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Most rapid cognitive decline in APOE epsilon4 negative Alzheimer's disease with early onset.
Psychol Med 2009; 39(11):1907-11PM

Abstract

BACKGROUND

We aimed to compare the rate of cognitive decline in patients with early and late onset Alzheimer's disease (AD) and to investigate the potentially modifying influence of the apolipoprotein E (APOE) genotype.

METHOD

We included 99 patients with early onset AD (age 65 years) and 192 patients with late onset AD (age >65 years) who had at least two scores on the Mini-Mental State Examination (MMSE) (range 2-14) obtained at least 1 year apart. Linear mixed models were performed to investigate the rate of cognitive decline dependent on age at onset (AAO) and APOE genotype.

RESULTS

The mean (S.D.) age for patients with early onset AD was 57.7 (4.5) years, and 74.5 (5.1) years for patients with late onset AD. AAO was not associated with baseline MMSE [beta (S.E.)=0.8 (0.5), p=0.14]. However, patients with early onset showed a faster decline on the MMSE [beta (S.E.)=2.4 (0.1) points/year] than those with late onset [beta (S.E.)=1.7 (0.1) points/year, p=0.00]. After stratification according to APOE genotype, APOE epsilon4 non-carriers with early onset showed faster cognitive decline than non-carriers with late onset [2.4 (0.3) v. 1.3 (0.3) points/year, p=0.01]. In APOE epsilon4 carriers, no difference in rate of cognitive decline was found between patients with early and late onset [beta (S.E.)=0.2 (0.2), p=0.47].

CONCLUSION

Patients with early onset AD show more rapid cognitive decline than patients with late onset, suggesting that early onset AD follows a more aggressive course. Furthermore, this effect seems to be most prominent in patients with early onset who do not carry the genetic APOE epsilon4 risk factor for AD.

Authors+Show Affiliations

Department of Neurology and Alzheimer Centre, VU University Medical Centre, Amsterdam, The Netherlands. ae.vdvlies@vumc.nlNo affiliation info availableNo affiliation info availableNo affiliation info availableNo affiliation info availableNo affiliation info available

Pub Type(s)

Journal Article
Research Support, Non-U.S. Gov't

Language

eng

PubMed ID

19335933

Citation

van der Vlies, A E., et al. "Most Rapid Cognitive Decline in APOE Epsilon4 Negative Alzheimer's Disease With Early Onset." Psychological Medicine, vol. 39, no. 11, 2009, pp. 1907-11.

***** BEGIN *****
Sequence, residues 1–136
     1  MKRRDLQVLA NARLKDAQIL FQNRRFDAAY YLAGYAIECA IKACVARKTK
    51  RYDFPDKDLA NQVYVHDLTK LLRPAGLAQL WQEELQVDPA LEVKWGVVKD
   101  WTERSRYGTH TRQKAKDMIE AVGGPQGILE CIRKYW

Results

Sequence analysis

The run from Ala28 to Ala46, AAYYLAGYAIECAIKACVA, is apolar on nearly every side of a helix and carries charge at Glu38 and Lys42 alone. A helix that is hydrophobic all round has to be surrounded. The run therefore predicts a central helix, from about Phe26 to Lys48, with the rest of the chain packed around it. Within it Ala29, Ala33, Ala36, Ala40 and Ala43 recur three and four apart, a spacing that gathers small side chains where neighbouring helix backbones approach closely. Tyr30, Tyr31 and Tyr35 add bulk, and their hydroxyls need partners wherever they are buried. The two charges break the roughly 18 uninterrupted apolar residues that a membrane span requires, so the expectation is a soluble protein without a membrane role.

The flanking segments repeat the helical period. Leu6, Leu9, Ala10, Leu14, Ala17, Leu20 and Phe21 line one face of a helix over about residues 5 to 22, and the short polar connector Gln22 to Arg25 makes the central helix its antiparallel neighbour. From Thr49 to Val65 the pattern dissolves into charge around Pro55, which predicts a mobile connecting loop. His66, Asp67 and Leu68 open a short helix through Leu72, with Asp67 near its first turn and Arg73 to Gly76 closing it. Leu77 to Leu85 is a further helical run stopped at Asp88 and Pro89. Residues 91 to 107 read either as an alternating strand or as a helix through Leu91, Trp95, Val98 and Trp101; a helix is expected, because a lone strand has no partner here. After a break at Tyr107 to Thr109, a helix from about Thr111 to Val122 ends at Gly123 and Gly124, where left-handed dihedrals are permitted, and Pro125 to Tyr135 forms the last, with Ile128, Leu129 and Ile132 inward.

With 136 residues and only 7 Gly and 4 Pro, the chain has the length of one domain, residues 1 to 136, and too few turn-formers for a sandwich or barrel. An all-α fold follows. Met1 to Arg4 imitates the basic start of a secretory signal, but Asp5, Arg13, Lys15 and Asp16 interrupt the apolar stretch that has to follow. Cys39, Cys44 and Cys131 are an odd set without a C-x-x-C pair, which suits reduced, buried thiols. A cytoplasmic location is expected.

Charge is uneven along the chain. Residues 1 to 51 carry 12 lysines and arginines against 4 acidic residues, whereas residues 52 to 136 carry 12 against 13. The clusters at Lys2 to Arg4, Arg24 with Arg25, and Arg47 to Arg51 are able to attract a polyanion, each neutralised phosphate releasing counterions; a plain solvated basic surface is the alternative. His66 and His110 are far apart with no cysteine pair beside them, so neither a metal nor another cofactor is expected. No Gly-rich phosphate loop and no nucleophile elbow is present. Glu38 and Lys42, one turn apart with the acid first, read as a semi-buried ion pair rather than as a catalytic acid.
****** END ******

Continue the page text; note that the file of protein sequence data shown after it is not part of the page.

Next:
van der Vlies AE, Koedam EL, Pijnenburg YA, et al. Most rapid cognitive decline in APOE epsilon4 negative Alzheimer's disease with early onset. Psychol Med. 2009;39(11):1907-11.
van der Vlies, A. E., Koedam, E. L., Pijnenburg, Y. A., Twisk, J. W., Scheltens, P., & van der Flier, W. M. (2009). Most rapid cognitive decline in APOE epsilon4 negative Alzheimer's disease with early onset. Psychological Medicine, 39(11), pp. 1907-11. doi:10.1017/S0033291709005492.
van der Vlies AE, et al. Most Rapid Cognitive Decline in APOE Epsilon4 Negative Alzheimer's Disease With Early Onset. Psychol Med. 2009;39(11):1907-11. PubMed PMID: 19335933.
* Article titles in AMA citation format should be in sentence-case
TY - JOUR T1 - Most rapid cognitive decline in APOE epsilon4 negative Alzheimer's disease with early onset. AU - van der Vlies,A E, AU - Koedam,E L G E, AU - Pijnenburg,Y A L, AU - Twisk,J W R, AU - Scheltens,P, AU - van der Flier,W M, Y1 - 2009/04/01/ PY - 2009/4/2/entrez PY - 2009/4/2/pubmed PY - 2010/2/18/medline SP - 1907 EP - 11 JF - Psychological medicine JO - Psychol Med VL - 39 IS - 11 N2 - BACKGROUND: We aimed to compare the rate of cognitive decline in patients with early and late onset Alzheimer's disease (AD) and to investigate the potentially modifying influence of the apolipoprotein E (APOE) genotype. METHOD: We included 99 patients with early onset AD (age 65 years) and 192 patients with late onset AD (age >65 years) who had at least two scores on the Mini-Mental State Examination (MMSE) (range 2-14) obtained at least 1 year apart. Linear mixed models were performed to investigate the rate of cognitive decline dependent on age at onset (AAO) and APOE genotype. RESULTS: The mean (S.D.) age for patients with early onset AD was 57.7 (4.5) years, and 74.5 (5.1) years for patients with late onset AD. AAO was not associated with baseline MMSE [beta (S.E.)=0.8 (0.5), p=0.14]. However, patients with early onset showed a faster decline on the MMSE [beta (S.E.)=2.4 (0.1) points/year] than those with late onset [beta (S.E.)=1.7 (0.1) points/year, p=0.00]. After stratification according to APOE genotype, APOE epsilon4 non-carriers with early onset showed faster cognitive decline than non-carriers with late onset [2.4 (0.3) v. 1.3 (0.3) points/year, p=0.01]. In APOE epsilon4 carriers, no difference in rate of cognitive decline was found between patients with early and late onset [beta (S.E.)=0.2 (0.2), p=0.47]. CONCLUSION: Patients with early onset AD show more rapid cognitive decline than patients with late onset, suggesting that early onset AD follows a more aggressive course. Furthermore, this effect seems to be most prominent in patients with early onset who do not carry the genetic APOE epsilon4 risk factor for AD. SN - 1469-8978 UR - https://www.unboundmedicine.com/medline/citation/19335933/Most_rapid_cognitive_decline_in_APOE_epsilon4_negative_Alzheimer's_disease_with_early_onset_ L2 - https://www.cambridge.org/core/product/identifier/S0033291709005492/type/journal_article DB - PRIME DP - Unbound Medicine ER -